Labour leader Ed Miliband has promised to stand up for the "squeezed middle" as he prepared to embark on a thorough review of the party's policy platform.
Apparently signalling a move away from the New Labour focus on economic growth, Mr Miliband acknowledged that the prosperity of the pre-crash period was accompanied by a squeeze on living standards for people who found themselves forced to work harder and longer and have less time with family and friends.
He admitted that during its 13 years in power Labour became "remote from many people's hopes and aspirations". While it celebrated growing prosperity, many families saw "the gap between their lives and their dreams became larger and harder to bridge", he said.
And he promised to put the "squeezed middle" at the heart of the policy review which he will launch at a special party forum in Gillingham, Kent.
In a mark of his determination to make a break from the Blair/Brown era, Mr Miliband said: "Britain has changed. Labour must change. And the change must be as profound as the change undertaken by New Labour in the 1990s."
The meeting of Labour's National Policy Forum will kick off a lengthy reappraisal of the party's agenda headed by shadow cabinet minister Liam Byrne, who Mr Miliband says will start from a "blank page".
The Labour leader said that the party had "lost the humility to listen and learn" from voters while in power, and must regain it in opposition. He said: "We must understand why, despite all that was achieved over the last decade, so many people who work hard and want to get on came to feel squeezed. Why did too many families feel that the gap between their lives and their dreams became larger and harder to bridge?"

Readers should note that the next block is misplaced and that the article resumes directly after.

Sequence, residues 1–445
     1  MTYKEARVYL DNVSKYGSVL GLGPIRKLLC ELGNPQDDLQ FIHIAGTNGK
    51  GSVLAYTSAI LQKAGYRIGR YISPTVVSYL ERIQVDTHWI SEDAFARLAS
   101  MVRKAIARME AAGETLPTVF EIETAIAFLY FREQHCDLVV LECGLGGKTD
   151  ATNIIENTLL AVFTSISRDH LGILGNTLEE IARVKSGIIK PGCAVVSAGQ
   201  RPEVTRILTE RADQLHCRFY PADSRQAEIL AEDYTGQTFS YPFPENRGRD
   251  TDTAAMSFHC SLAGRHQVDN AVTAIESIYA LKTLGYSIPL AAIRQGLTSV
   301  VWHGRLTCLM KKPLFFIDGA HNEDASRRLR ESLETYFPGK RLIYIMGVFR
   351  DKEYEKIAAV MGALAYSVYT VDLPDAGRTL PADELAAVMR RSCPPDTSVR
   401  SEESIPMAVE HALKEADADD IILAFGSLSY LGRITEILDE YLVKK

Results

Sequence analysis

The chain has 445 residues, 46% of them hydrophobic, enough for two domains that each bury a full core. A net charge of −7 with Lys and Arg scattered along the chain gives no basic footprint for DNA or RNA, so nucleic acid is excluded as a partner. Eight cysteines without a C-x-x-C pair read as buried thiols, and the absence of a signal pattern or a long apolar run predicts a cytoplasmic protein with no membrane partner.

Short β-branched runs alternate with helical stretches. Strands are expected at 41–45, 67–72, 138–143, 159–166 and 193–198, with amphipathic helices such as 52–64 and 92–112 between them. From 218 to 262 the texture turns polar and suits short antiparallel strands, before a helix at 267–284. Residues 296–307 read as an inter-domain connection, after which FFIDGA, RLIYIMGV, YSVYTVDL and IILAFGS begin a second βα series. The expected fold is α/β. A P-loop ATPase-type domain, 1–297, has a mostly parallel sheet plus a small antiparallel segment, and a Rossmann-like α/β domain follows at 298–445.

"My great fear for Britain is a coalition Government spreading a pessimism about the future - creating a more divided country in which a squeezed middle finds it ever harder to get on," said Mr Miliband. "My great task is to build a changed Labour Party, a force for optimism in British politics, offering those squeezed families the hope of a better future."
Mr Miliband gave a few hints about the shape of the policy platform which may emerge from his review, saying that Labour must back social mobility and fairness and take account of voters' desire for more time with families. The party should support employers who invest in their workforce and create quality jobs and back small businesses who cannot get loans from banks.
The Labour leader indicated that he backed reform of the welfare system, acknowledging that hard-working people were "hacked off" to see neighbours claiming benefits when they could be earning a living.